The Valdivia International Film Festival came to a close on Sunday, October 7, on a glorious spring day in the capital of Los Ríos Region, with Chilean movie De Jueves a Domingo (Thursday Till Sunday), winning the best international film award.
The story of marriage falling apart, De Jueves a Domingo takes place over a four-day family road trip through northern Chile, seen through the eyes of the couple’s children.
On Saturday, a day before winning the prize, director Dominga Sotomayor told ThisisChile that film’s setting provided an integral part of the story.
“I wanted to shoot this film in the North [of Chile], it was always the idea to film it there, because of the arid relationship between the couple, and the connection between what is happening to them internally, and the inhospitable, isolated atmosphere,” Dominga said.
“I wanted to have landscapes that reflected this solitude, that spoke to the emotions of this couple, and the distance between them.”
For more from that conversation, click here.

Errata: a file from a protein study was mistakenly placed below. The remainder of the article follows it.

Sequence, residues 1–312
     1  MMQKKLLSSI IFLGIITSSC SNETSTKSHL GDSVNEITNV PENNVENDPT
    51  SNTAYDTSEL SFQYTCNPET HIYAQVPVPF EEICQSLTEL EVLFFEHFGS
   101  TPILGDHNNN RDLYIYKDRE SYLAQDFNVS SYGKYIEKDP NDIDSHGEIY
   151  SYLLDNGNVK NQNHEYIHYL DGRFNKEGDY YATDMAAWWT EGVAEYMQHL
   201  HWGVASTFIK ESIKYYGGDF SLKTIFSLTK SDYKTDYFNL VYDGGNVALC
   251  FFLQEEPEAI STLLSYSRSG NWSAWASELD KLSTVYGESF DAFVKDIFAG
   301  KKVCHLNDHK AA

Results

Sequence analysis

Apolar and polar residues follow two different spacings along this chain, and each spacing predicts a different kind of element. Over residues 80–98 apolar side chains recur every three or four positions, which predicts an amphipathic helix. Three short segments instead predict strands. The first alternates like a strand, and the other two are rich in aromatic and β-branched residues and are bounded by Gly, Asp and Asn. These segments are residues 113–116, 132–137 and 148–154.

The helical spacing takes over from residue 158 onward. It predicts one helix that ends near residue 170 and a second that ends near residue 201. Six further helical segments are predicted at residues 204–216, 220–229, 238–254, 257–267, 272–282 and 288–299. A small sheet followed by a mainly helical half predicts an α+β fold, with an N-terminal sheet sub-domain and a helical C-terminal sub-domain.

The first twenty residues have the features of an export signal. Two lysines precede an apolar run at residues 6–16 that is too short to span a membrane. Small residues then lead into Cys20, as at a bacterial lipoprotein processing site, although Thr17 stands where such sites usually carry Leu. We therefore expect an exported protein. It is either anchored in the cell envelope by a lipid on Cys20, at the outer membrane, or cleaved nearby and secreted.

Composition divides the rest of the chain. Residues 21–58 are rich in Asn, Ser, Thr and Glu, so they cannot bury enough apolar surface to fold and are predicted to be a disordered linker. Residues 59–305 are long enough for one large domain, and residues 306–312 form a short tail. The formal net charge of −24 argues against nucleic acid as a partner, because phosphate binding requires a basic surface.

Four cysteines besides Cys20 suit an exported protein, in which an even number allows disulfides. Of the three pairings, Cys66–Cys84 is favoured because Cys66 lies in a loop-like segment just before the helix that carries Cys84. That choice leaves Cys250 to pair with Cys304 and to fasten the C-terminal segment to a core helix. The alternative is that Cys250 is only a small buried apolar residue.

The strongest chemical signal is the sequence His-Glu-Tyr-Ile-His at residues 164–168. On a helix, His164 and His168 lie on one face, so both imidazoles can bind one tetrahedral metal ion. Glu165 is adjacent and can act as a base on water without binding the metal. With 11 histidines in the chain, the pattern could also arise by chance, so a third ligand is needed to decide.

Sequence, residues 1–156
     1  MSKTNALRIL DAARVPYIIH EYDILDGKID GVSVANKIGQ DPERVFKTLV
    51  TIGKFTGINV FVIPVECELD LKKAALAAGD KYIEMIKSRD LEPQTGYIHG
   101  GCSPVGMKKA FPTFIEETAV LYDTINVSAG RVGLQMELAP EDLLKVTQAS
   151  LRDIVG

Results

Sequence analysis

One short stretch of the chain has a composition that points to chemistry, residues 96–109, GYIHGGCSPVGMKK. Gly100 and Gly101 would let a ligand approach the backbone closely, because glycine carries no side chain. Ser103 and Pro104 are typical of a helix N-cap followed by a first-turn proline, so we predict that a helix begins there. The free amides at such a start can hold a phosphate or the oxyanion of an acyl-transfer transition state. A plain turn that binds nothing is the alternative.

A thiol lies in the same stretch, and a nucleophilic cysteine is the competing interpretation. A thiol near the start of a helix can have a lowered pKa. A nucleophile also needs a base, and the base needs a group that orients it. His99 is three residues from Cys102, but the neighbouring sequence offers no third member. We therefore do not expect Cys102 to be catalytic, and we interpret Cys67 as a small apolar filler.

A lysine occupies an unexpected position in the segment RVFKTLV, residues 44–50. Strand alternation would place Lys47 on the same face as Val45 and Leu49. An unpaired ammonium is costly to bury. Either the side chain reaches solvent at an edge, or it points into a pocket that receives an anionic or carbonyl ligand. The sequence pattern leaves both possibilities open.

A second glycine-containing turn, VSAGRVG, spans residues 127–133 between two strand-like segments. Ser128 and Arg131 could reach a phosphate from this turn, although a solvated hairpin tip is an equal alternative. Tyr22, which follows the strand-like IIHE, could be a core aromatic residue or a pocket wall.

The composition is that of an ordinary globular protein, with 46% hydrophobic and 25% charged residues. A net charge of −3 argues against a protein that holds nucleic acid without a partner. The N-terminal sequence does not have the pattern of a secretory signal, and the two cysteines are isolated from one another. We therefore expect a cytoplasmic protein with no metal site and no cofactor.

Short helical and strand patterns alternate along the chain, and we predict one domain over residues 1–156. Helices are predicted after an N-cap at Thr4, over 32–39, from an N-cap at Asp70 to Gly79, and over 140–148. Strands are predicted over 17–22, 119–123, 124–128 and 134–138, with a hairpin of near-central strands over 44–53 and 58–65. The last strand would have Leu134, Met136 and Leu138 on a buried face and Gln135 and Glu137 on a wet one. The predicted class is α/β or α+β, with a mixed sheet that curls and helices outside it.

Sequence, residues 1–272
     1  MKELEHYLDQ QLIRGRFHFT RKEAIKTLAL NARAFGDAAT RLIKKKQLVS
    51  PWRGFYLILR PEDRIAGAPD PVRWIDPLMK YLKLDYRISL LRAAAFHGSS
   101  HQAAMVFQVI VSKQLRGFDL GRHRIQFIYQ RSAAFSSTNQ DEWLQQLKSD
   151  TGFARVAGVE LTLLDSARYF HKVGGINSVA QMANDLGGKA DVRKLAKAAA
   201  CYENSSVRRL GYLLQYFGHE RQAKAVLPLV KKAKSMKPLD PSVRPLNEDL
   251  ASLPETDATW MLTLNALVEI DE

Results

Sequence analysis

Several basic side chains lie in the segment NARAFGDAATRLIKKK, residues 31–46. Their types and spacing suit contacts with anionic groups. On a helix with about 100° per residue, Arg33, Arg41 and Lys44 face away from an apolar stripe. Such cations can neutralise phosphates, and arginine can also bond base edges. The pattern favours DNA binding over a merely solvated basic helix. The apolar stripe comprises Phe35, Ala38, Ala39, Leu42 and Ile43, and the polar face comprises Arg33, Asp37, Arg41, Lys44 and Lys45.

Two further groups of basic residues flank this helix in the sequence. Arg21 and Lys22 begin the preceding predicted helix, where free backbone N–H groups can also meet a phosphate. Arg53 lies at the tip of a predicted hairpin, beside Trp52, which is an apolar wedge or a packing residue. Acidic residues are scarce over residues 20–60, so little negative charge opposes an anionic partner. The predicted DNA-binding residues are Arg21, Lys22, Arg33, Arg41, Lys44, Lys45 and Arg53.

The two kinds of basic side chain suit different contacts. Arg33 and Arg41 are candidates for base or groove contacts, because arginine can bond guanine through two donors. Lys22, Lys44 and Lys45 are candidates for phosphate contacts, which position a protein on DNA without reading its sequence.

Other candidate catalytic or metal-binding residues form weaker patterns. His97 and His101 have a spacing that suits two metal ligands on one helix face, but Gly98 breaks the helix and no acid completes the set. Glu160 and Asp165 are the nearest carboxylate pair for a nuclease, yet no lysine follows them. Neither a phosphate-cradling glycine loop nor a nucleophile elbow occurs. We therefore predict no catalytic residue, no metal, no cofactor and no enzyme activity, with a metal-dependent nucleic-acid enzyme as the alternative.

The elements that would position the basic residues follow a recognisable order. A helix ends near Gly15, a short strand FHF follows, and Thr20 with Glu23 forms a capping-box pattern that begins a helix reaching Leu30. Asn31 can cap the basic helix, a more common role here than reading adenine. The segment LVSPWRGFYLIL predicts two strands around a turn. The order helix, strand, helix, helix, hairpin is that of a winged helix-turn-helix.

Other awards in the international film category went to El Bella Vista (The Beautiful View), a film about a house in a Uruguayan village that transitions from being a football club to transvestites brothel and finally to Catholic church, and A Última Vez Que Vi Macau (The Last Time I Saw Macao), which won the Public and Critics Prizes, respectively.
Shifting between memoir, and genres like adventure and noir, A Última Vez Que Vi Macau is the story of a Portuguese director return to the city in which he grew, Macao.
Winning the top award in the Chilean films category was Donde Vuelan Los Cóndores (Where the Condors Fly) a documentary by Carlos Klein as he travels to opposite points of the Earth with Russian documentary filmmaker Victor Kossakovsky in the making of his movie Long Live the Antipodes.
For more information, head to the FICV official website.